Like HowStuffWorks on Facebook!

How do I increase my exercise?

Lack of exercise is a major risk factor for coronary heart disease. People who are inactive are much more likely to develop heart disease than active people. Anyone who is at risk for heart disease should start a program of regular physical activity. But first, check with your doctor to see where you should begin.

Exercising regularly is good for your heart because it may help to:

  • lower your total blood cholesterol
  • lower your LDL, known as the bad cholesterol
  • lower your trigylcerides
  • raise your HDL, known as the good cholesterol
  • lower your blood pressure
  • lower your risk for heart disease

Exercising regularly also helps you in these ways.

  • It decreases your risk for developing diabetes.
  • If you have diabetes, exercise helps control your blood glucose.
  • It prevents bone loss and lowers your risk for osteoporosis.
  • It helps you achieve and maintain a healthy body weight.
  • It increases your ability to manage stress.
  • It improves your sleep.
  • It enhances your sense of well-being. Or stated simply, it just makes you feel better all around.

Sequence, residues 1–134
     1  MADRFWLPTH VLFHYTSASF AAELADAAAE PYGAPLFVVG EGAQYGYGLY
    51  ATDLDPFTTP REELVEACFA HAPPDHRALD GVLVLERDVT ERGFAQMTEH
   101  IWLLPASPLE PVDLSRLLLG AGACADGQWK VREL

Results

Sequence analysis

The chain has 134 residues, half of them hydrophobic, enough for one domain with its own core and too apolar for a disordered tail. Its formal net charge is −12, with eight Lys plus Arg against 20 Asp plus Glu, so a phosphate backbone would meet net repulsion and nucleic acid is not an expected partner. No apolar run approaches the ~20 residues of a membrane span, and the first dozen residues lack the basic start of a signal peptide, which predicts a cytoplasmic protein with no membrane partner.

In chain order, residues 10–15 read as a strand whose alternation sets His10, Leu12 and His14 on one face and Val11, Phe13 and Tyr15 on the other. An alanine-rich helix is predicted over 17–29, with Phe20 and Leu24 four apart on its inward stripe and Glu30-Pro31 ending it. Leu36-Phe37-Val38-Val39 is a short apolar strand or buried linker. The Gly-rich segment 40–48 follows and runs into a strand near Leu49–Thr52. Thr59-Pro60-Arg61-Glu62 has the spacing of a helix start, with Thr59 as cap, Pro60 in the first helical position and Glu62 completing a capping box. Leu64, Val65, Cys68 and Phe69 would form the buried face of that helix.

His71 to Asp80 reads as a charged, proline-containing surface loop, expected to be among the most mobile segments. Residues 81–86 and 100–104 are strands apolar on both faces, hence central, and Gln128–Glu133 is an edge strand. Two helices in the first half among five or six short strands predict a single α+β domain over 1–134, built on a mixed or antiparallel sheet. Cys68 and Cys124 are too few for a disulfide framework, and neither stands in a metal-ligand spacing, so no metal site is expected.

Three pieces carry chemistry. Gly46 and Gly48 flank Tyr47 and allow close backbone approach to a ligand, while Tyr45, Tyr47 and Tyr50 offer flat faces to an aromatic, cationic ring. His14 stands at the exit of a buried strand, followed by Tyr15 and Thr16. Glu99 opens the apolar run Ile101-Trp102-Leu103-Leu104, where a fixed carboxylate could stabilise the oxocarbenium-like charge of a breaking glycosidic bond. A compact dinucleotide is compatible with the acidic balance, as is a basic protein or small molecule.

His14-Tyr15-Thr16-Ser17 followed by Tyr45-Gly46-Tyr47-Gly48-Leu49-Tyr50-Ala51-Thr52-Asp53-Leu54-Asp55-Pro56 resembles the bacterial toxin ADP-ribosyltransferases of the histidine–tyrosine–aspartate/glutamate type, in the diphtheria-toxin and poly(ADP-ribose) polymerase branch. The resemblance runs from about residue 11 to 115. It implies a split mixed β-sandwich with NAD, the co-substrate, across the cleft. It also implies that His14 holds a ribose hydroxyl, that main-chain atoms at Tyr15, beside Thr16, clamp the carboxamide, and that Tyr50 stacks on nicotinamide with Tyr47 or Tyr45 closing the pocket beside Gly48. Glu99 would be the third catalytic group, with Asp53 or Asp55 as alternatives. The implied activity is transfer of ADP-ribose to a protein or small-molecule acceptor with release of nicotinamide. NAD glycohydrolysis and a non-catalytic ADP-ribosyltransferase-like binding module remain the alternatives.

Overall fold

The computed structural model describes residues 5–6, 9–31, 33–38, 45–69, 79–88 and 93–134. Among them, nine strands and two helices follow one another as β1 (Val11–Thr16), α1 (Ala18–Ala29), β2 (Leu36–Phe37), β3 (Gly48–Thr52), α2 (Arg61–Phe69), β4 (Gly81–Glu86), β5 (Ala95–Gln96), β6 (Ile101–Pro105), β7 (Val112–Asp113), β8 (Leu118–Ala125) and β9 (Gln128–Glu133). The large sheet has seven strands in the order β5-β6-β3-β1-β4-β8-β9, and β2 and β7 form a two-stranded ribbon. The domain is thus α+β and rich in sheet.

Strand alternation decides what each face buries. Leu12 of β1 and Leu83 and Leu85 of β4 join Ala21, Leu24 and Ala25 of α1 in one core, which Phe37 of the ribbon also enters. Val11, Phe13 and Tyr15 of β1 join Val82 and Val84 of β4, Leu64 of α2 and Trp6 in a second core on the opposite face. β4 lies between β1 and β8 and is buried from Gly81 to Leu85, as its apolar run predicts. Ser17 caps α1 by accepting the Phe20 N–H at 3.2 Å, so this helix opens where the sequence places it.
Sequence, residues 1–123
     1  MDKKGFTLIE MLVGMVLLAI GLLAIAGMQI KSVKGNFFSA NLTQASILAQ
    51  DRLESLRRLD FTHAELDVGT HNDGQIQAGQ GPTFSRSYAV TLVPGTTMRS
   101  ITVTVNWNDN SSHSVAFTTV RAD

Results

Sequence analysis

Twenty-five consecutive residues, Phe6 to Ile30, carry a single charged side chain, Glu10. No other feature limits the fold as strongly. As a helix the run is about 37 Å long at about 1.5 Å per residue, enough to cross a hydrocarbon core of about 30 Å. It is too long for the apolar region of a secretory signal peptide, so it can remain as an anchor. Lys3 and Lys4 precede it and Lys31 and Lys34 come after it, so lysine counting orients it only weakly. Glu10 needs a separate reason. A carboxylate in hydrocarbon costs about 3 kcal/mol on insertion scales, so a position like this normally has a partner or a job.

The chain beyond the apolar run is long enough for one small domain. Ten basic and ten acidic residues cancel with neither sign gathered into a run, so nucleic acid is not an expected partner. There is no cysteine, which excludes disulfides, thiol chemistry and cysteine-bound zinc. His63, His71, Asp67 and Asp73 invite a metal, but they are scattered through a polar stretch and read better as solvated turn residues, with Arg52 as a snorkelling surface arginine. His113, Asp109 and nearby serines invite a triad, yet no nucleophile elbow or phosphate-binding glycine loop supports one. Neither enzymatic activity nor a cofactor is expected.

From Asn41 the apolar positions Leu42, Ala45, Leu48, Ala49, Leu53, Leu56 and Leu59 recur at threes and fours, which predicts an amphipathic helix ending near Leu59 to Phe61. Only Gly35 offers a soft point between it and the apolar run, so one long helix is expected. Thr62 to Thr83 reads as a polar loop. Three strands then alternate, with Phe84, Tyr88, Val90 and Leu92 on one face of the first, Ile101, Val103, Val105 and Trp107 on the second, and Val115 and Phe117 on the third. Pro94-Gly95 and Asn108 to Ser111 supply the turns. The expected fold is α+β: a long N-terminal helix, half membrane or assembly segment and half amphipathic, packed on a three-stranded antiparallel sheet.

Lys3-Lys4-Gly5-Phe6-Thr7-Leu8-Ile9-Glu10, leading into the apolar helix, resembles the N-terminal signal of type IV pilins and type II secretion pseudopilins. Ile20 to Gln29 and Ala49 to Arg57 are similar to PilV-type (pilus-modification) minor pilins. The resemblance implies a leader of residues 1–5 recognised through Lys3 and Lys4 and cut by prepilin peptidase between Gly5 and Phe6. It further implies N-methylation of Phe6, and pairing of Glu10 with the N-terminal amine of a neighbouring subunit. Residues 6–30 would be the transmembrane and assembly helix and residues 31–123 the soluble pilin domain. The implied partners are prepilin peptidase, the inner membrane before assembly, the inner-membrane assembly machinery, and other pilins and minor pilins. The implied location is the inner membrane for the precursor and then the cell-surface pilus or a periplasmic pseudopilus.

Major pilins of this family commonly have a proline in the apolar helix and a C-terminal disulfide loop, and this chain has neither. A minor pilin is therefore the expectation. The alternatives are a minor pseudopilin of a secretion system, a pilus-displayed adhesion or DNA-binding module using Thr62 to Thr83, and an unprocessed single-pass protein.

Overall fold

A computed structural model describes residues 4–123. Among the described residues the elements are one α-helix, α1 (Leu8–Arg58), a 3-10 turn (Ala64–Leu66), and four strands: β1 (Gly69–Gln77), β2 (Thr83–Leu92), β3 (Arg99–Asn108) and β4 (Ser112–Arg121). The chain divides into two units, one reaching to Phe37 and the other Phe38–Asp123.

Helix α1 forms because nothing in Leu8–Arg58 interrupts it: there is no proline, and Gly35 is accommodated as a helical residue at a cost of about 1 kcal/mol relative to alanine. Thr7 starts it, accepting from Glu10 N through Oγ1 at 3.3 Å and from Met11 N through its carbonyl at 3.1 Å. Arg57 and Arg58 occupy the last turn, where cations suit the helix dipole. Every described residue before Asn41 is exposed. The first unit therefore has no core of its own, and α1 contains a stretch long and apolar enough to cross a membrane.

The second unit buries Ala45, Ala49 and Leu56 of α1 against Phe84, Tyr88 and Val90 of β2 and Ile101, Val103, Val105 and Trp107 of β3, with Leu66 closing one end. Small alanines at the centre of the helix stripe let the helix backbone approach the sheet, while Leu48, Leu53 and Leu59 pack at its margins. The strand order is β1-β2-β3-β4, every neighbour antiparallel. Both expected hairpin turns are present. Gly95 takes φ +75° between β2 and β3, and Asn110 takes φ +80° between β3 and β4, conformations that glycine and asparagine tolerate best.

When you exercise, your heart pumps more blood through your blood vessels. This helps condition your heart and prevent blood clots. When your heart's conditioned, it doesn't have to work as hard to pump blood during your normal activity or at times of stress. This may reduce your risk of heart attack. Regular exercise also makes daily activities, such as climbing the stairs, easier.

Just about everyone can benefit from some form of exercise. Even if you're older or you've had a heart attack, you still need to make physical activity a regular part of your program to help control your blood pressure. Research has shown that people who have had a heart attack and who engage in regular physical activity live longer and have a better quality of life.

Some studies have shown that more intensive lifestyle changes can help lower your blood pressure. You may have heard of several doctors - especially Dr. Dean Ornish - who have programs for this. If you and your doctor have decided that you should follow an intensive lifestyle program, see How do I make intensive changes to my exercise program? If you are younger and healthier, all the better! You have many years of good health to protect.